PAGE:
Once inside the museum, we were bombarded with textiles on every wall, floor and ceiling. The early sections boasted fabrics and cloths from the 15th Century. As our guide pointed out, some of the shapes were not the most flattering, but “they did their best.” As we moved deeper into the museum, we learned more and more about different embroidery and decorative techniques, from the very small and neat cobblers’ stitch (developed by cobblers using hooks to sew leather shoes), to the precision of the Punjabi embroidery style, whereby the embroidery would count the threads the stitch would cover to create perfect geometric designs.

The traditional techniques of people in Gujurat and other Indian states were all on show in the museum. One large hall was completely covered in an intricate canvas tent from the Mughal period, along with modesty screens, which they used to allow women to observe without being seen.

Each room in the museum had a different theme and so we were able to walk from a room of quilted, 3D designs to one in which everything was covered in tiny beads, painstakingly sewn together in complex designs and patterns. In some of the later rooms we learnt more about styles such as tie dye and weaving. One technique involved the weaver dyeing every single thread individually in multiple colors so that once they were all woven together a design was created. The artisans creating such pieces would have no written instructions, but would translate designs from their mind’s eye to the loom. Other hand-embroidered pieces would take two artisans up to three years to complete, with each embroiderer starting from opposite ends and working towards the middle, creating a symmetrical design. Each stage in designs such as this were passed on through song, with the artisan creating the design, singing the instructions to their partner at the other end.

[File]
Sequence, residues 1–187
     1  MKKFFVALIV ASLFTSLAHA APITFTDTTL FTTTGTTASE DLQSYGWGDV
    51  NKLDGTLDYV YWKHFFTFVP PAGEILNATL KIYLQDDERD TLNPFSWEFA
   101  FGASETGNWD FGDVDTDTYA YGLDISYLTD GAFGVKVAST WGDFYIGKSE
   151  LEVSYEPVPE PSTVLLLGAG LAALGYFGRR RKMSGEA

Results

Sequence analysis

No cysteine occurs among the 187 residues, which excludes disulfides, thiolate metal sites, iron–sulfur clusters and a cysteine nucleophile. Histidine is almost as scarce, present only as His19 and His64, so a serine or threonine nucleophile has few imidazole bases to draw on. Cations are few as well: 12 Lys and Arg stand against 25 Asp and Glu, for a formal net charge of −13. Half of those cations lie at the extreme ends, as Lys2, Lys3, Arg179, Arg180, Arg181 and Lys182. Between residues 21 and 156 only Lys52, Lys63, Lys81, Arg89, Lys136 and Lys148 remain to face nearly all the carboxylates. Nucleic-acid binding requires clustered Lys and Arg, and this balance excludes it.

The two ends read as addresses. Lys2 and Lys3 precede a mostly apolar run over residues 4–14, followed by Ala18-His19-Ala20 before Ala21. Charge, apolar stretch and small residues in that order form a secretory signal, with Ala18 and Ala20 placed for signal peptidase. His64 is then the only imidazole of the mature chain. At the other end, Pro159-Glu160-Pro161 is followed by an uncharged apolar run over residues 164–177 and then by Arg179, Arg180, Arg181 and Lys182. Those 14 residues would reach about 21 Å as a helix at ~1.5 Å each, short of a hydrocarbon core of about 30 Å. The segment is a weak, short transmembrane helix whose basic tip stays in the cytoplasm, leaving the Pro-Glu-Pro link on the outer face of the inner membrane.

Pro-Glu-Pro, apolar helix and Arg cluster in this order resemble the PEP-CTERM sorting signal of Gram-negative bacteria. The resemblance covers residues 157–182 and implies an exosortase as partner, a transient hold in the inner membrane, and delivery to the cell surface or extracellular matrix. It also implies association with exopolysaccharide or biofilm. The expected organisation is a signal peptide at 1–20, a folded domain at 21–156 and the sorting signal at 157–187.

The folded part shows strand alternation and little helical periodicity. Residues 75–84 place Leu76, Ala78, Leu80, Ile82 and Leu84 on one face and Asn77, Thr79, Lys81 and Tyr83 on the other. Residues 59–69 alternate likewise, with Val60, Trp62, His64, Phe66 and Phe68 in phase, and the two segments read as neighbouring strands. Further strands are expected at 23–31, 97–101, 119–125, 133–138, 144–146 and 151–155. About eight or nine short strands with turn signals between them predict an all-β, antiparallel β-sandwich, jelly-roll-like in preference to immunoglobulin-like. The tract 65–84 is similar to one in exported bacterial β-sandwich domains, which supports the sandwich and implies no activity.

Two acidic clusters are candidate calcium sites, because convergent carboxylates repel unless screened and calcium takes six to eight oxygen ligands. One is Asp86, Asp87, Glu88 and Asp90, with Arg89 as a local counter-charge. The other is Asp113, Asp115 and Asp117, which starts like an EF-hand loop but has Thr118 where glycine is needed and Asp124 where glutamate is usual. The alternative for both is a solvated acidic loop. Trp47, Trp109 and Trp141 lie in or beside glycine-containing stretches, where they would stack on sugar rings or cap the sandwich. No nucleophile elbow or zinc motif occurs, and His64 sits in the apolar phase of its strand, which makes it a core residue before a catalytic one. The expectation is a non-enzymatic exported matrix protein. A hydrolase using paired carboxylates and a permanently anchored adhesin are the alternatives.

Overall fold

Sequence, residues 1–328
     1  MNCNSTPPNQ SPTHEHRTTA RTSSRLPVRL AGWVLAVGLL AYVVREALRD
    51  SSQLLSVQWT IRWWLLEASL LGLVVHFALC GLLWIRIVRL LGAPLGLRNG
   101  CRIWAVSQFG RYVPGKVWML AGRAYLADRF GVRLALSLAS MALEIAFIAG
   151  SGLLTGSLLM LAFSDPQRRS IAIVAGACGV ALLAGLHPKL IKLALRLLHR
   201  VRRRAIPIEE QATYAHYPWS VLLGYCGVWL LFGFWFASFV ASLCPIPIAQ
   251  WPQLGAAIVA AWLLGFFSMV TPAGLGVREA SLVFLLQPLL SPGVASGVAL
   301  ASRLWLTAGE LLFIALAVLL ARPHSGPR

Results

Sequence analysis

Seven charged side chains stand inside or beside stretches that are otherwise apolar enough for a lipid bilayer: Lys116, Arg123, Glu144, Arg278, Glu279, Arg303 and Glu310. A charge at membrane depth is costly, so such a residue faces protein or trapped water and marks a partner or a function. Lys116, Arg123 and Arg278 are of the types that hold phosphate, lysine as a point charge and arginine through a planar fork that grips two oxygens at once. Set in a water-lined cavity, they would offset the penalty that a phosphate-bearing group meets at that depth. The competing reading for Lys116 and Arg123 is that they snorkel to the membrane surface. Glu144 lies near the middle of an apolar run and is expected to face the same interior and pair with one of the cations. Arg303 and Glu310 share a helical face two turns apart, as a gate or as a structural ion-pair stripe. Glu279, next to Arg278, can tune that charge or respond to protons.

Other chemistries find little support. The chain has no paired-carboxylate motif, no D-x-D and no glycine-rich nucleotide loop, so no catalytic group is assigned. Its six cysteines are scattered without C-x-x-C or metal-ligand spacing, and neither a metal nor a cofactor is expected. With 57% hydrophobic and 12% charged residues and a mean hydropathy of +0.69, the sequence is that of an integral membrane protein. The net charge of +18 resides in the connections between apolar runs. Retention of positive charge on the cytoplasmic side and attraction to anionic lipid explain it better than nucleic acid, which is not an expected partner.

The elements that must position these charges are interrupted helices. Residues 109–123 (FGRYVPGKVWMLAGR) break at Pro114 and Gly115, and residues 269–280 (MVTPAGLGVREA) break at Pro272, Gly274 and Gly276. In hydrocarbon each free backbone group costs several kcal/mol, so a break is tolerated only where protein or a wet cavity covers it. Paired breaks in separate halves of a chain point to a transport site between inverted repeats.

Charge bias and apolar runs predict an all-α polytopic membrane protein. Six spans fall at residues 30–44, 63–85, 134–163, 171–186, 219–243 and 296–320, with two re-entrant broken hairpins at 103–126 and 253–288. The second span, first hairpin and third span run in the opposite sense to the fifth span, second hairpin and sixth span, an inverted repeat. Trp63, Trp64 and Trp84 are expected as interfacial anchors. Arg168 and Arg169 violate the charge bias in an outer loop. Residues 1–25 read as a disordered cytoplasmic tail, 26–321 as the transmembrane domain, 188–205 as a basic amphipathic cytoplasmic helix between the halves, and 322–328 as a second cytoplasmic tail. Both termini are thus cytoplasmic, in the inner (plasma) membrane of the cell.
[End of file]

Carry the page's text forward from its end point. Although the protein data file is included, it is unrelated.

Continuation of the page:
I think we were all thoroughly impressed by the meticulous skills of these artisans, and their patience!

On Tuesday night we decided to go out for dinner to celebrate the return of our very own prodigal sons (also known as the EDI boys). The plan was to meet at the beautiful Kankaria Lake; however, some of us got a little side-tracked, staging a daring rescue of an injured bird with the help of our trusted rickshaw driver, Manglesh. Instead of going to the lake, we instead went to a veterinary clinic that accepted injured animals off the street (for the cynical amongst you, they had a huge enclosure full of pigeons so I’m confident that they didn’t just put our little bird down). There we encountered an adorable little dog, locked in a cage with a bandaged leg, yapping inconsolably. When we asked why no one had changed his bloody bandage, we were informed that it was in fact rabid. Oh.